POLITICO -- But in the U.S., at least, the benefits of the system haven’t been as clear as proponents might have hoped. Jason McDaniel, a political scientist at San Francisco State University, has analyzed the returns of that city’s municipal elections, where ranked choice has been used since 2002. He found the system increased the prevalence of spoiled ballots, particularly in areas where more African-American, Latino, elderly, foreign-born and less affluent people live, and that the problem didn’t go away over time. Voter turnout rates were also reduced for infrequent voters, even as it increased among the highly educated.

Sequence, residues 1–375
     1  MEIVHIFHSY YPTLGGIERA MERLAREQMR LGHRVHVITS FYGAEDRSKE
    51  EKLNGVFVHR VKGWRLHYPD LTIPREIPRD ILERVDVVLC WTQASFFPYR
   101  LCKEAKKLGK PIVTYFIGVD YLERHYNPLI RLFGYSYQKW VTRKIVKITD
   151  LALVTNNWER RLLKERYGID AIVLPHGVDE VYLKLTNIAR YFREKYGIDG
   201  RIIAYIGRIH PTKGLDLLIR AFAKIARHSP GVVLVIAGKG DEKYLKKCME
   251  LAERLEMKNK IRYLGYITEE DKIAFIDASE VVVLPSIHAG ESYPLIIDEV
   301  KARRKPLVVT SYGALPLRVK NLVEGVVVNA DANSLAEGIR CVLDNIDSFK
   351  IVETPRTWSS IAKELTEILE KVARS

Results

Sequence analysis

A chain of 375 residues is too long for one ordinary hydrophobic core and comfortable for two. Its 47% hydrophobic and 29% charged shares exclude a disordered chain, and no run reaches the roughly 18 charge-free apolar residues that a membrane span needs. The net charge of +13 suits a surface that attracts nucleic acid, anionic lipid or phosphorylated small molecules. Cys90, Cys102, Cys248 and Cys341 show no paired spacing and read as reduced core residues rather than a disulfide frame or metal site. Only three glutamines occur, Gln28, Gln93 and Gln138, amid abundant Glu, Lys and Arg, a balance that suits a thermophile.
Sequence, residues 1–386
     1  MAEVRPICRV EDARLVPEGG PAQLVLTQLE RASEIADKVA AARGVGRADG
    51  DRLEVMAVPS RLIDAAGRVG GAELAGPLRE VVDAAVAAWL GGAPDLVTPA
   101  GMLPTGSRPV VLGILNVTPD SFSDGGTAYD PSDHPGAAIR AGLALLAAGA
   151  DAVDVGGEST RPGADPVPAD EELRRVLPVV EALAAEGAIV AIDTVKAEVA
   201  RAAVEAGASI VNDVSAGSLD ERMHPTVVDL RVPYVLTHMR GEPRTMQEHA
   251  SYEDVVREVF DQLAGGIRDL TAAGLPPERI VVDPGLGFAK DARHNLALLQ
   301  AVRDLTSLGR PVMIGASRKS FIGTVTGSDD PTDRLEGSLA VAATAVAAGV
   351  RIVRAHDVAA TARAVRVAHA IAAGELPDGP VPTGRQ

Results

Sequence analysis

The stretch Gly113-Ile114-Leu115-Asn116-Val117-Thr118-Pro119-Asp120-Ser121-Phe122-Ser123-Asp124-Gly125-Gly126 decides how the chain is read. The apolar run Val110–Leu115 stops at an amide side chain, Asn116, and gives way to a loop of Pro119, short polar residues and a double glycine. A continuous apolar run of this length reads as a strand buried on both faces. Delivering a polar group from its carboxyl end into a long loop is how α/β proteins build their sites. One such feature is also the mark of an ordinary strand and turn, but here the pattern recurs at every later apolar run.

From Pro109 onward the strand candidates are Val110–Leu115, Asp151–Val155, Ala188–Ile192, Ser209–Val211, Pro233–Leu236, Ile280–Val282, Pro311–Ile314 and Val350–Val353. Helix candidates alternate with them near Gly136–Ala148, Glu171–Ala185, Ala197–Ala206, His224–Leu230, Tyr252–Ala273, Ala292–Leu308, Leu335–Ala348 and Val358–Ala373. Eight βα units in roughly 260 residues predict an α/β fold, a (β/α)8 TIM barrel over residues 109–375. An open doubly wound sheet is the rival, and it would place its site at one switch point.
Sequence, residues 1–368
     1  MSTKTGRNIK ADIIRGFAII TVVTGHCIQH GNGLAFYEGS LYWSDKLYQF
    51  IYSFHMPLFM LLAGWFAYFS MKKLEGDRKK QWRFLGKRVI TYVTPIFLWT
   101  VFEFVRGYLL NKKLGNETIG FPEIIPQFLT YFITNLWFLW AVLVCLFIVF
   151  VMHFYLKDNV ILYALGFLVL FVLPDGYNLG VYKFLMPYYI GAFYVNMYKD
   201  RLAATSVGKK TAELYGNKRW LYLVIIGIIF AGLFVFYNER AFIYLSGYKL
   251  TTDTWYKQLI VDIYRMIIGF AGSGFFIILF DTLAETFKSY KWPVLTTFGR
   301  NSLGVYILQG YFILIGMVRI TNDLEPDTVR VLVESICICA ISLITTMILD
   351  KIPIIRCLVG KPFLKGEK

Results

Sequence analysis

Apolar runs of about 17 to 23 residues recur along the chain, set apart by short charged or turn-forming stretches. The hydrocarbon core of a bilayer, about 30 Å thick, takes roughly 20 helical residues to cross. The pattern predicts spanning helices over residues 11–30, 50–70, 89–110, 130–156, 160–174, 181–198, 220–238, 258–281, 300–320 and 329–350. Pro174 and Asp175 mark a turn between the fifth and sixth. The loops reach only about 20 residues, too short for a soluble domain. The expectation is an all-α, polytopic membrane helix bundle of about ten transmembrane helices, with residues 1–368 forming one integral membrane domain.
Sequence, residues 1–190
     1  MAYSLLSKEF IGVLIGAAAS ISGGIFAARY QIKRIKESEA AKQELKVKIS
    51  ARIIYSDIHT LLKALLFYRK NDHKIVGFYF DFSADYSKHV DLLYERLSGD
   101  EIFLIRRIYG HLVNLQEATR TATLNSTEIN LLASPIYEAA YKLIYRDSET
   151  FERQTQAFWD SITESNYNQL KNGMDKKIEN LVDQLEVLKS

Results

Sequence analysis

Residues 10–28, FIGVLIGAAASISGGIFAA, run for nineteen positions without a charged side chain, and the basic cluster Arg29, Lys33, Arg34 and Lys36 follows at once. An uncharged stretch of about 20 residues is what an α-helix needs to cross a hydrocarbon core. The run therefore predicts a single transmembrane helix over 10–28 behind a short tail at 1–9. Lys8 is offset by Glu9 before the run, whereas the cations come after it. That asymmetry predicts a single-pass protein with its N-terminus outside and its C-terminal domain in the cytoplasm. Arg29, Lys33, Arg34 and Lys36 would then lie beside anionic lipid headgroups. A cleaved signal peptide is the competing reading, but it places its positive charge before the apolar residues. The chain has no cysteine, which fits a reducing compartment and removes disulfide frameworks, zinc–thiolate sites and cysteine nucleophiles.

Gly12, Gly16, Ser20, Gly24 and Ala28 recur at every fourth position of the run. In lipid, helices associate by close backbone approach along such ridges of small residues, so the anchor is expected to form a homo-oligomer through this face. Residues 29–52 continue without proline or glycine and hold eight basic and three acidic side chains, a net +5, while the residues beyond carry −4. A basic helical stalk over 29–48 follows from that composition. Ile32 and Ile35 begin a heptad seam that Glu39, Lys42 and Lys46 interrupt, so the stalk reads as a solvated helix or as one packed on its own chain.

“The ranking process is cognitively more difficult than just choosing one candidate, and that seems to drive a decline in turnout,” McDaniel says.